It's called a traveling steady. For large work this is a frame that is attached to the carriage and carries two adjustable arms that are set to keep the work from deflecting away from the tool. If you type "travelling steady" into Google Images, you'll get lots of pictures showing what they look like and how they are deployed in use.
The idea is that the travelling steady, as its name implies, travels with the tool, unlike the more common fixed steady which remains stationary. This means that the support of the work is always close to where the tool is cutting.
The conventional travelling steady is way too large and cumbersome to be used for tiny model engine work. Nevertheless, the idea is a good one and model engineers have come up with many variants that better suit their purposes.
One of these is a piece of stock with a hole the size of the parent stock drilled through it. This is clamped to the left side of the lathe tool with the stock to be cut passing through the hole. With the stock supported right next to where the cutting action is taking place deflection is vastly reduced.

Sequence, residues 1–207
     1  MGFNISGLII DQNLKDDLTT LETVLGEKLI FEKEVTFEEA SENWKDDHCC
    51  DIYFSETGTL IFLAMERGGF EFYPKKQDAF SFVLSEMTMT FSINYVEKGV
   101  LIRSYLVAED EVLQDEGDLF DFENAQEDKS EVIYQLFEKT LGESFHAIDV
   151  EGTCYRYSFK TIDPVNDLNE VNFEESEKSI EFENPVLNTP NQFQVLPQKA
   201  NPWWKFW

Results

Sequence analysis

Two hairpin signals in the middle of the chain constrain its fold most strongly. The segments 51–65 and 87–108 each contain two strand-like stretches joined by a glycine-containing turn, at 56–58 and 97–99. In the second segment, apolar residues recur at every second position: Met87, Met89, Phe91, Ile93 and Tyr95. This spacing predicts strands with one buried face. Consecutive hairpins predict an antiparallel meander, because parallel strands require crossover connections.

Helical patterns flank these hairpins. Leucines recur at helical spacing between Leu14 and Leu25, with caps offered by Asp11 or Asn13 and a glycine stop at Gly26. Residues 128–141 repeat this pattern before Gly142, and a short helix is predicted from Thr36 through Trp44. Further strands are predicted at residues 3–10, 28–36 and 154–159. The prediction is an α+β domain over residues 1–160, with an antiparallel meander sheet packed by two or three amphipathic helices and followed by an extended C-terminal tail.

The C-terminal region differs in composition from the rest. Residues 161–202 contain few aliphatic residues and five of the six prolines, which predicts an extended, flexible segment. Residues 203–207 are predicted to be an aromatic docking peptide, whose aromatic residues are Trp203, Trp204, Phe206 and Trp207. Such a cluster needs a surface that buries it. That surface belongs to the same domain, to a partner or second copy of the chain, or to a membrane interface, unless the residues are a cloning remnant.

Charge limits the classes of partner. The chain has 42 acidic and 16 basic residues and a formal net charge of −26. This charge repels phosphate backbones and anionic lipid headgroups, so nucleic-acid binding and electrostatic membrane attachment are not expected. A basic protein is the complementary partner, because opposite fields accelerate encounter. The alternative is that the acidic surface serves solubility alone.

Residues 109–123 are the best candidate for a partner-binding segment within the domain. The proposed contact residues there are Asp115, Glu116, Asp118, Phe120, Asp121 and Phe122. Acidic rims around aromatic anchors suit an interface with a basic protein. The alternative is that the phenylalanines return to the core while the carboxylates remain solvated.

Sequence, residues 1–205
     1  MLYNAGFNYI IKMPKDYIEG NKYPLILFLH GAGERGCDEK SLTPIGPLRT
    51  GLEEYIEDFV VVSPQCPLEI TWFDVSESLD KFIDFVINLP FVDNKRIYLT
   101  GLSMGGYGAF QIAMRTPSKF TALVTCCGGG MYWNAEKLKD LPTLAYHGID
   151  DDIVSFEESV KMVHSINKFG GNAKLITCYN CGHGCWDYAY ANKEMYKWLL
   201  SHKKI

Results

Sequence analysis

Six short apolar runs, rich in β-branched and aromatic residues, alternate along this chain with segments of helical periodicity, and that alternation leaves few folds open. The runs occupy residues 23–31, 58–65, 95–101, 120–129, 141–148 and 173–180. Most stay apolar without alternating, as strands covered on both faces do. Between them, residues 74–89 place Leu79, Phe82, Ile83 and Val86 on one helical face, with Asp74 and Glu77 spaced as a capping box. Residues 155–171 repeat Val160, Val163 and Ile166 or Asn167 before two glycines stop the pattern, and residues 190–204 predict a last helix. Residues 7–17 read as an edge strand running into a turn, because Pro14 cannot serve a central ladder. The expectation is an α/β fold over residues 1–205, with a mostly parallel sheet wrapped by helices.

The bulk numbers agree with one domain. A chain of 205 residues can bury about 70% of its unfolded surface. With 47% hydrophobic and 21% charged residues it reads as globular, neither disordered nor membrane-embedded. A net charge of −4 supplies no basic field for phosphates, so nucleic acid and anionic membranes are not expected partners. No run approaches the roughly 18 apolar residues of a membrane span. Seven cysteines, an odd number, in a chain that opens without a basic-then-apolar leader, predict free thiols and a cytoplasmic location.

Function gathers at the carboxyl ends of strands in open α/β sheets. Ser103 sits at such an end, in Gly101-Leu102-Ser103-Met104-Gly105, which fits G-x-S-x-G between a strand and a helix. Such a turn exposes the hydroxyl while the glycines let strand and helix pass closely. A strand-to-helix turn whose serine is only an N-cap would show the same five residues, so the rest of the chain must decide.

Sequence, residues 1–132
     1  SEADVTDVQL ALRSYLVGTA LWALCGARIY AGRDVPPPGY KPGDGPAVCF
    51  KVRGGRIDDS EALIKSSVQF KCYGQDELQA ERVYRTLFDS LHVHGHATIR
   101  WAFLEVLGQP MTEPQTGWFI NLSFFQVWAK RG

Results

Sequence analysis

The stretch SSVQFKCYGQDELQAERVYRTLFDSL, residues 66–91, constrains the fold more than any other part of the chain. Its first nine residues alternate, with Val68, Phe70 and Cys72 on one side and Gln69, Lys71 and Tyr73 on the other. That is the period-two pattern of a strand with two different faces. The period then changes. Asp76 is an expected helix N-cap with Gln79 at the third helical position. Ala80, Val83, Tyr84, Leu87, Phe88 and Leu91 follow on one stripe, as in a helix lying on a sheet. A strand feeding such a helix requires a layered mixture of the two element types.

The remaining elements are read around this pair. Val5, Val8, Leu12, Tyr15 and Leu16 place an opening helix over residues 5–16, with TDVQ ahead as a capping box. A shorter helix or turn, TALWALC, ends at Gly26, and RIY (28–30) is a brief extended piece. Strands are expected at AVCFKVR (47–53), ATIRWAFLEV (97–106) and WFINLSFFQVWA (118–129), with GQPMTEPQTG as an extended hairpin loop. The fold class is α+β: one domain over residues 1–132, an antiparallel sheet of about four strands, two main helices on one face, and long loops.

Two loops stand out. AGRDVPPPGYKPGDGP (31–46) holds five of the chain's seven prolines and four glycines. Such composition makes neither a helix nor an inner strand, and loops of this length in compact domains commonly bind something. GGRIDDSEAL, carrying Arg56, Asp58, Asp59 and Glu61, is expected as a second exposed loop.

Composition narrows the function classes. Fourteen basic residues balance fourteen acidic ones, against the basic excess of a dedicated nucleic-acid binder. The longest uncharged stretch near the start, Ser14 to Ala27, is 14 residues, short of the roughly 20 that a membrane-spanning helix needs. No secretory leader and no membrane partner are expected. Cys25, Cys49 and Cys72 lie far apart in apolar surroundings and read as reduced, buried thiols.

Of course, this simple version has a major drawback. If you want to take a second pass on your cut, the hole in the steady will be too big. So this version is really only good for a cut that can be completed in one pass. Often, on tiny engine parts, this is possible.
When it isn't possible, tiny adjustable fingers [Sometimes a single adjustable finger with a birdmouth "V" groove is used.] are added to the steady so it can mimic the action of its bigger brother with the difference that it is attached to the tool or toolpost rather than the carriage. A Google search of the various fora that support model engine building will probably produce some designs (but it's probably more fun to design your own).
Keep this idea in your mental tool idea repository. Even if you don't need it at the moment, it may come in handy in the future.